Modeling stream-groundwater interactions and associated groundwater salinization in an urban floodplain

Monday, 15 December 2014
Sarah Holderness Ledford and Laura Lautz, Syracuse University, Syracuse, NY, United States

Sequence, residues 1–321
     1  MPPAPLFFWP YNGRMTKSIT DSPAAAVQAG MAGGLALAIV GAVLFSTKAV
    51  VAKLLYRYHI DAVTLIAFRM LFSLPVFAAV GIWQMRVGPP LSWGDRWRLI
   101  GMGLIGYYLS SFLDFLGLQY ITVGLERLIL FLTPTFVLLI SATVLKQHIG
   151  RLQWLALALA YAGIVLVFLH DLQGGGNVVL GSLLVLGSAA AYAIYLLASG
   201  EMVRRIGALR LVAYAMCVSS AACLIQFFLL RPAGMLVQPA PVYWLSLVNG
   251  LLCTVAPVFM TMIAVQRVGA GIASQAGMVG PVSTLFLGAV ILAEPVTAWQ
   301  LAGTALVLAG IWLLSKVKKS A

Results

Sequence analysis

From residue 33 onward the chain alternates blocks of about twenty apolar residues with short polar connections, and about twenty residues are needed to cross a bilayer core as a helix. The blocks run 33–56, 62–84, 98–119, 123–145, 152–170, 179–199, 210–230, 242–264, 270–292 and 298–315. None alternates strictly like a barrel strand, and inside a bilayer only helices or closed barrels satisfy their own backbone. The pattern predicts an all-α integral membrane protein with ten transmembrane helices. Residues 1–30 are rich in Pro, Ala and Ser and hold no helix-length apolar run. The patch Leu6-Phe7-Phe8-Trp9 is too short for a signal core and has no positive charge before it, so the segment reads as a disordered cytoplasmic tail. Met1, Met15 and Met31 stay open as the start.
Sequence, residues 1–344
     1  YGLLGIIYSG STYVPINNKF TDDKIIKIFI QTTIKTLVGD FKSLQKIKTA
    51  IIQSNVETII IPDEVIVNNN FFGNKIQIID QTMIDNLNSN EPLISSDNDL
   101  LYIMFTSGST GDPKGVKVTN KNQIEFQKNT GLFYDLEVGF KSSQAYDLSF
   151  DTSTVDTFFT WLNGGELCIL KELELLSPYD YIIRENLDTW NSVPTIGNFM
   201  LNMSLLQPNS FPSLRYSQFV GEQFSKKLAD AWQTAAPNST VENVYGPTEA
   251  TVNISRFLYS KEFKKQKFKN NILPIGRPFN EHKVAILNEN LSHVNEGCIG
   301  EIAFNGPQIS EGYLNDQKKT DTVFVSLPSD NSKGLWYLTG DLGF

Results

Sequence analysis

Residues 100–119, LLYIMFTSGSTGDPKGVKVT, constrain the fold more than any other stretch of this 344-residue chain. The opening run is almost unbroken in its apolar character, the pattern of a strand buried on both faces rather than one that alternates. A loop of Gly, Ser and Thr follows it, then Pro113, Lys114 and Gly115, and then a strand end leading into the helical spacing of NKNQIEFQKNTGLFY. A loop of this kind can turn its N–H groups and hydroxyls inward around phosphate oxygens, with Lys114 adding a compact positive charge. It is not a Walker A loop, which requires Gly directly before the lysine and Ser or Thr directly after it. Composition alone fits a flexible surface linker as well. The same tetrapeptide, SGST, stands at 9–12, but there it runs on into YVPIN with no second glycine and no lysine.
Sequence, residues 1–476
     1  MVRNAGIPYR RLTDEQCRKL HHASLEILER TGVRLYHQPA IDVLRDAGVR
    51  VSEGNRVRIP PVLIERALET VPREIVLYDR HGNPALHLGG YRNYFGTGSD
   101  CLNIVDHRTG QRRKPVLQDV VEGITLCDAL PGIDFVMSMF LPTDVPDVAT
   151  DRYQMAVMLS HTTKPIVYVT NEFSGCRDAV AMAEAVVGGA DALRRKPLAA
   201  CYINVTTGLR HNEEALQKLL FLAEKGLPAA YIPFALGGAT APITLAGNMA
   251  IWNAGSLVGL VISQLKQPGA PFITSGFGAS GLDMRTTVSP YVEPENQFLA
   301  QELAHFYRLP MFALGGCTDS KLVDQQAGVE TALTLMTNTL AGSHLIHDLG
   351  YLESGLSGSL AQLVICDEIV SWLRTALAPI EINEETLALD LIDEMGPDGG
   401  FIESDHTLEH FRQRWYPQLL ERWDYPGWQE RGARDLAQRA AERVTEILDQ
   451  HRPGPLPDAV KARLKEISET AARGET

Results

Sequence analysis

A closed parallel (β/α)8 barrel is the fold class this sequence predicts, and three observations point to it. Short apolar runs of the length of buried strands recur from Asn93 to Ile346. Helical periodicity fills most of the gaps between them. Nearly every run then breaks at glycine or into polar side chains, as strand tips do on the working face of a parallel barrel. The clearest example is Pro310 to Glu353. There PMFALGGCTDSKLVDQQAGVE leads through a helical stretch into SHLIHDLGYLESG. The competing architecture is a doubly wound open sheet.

The salinization of freshwater in the Northeastern United States from road salt application is well documented by the observed long-term increases in chloride concentrations in groundwater over the last fifty years. However, the processes controlling exchange of chloride between surface water and groundwater have not been fully investigated, particularly in urban streams where stream-groundwater interactions can be reduced due to bank armoring and channelization. Our research builds on previous findings that showed the potential for an urban riparian floodplain to buffer seasonal changes in chloride concentrations in an urban stream, resulting in smaller annual ranges of chloride in areas with intact riparian floodplains. A reach of Meadowbrook Creek, in Syracuse, New York, that is disconnected from the groundwater had large seasonal shifts in chloride concentration, varying from 2173 mg/L Cl- in the winter to 161.2 mg/L Cl- in the summer. This is in contrast to a downstream reach of the stream that receives groundwater discharge from a riparian floodplain, where chloride concentrations ranged from 657.0 mg/L in the winter to 252.0 mg/L in the summer. We originally hypothesized that winter snowmelt events caused overbank flooding of saline surface water, which recharged the floodplain groundwater, causing salinization. This saline water was then slowly discharged as baseflow throughout the year and was replaced with freshwater overbank events in the summer. However, a three dimensional model of the floodplain created using Visual MODFLOW indicates that surface water-groundwater interactions, such as hyporheic exchange, may have a greater control on winter salt input than overbank events, while summer flooding recharges the aquifer with freshwater. The model was compared to riparian aquifer samples collected from May 2013 until June 2014 to qualitatively study the impact of different types of surface water-groundwater interactions (e.g. groundwater recharge and discharge, hyporheic interaction) on salt storage and to identify the mechanisms by which urban riparian floodplains buffer seasonal variability of stream chloride concentrations in urban systems impacted by road salt.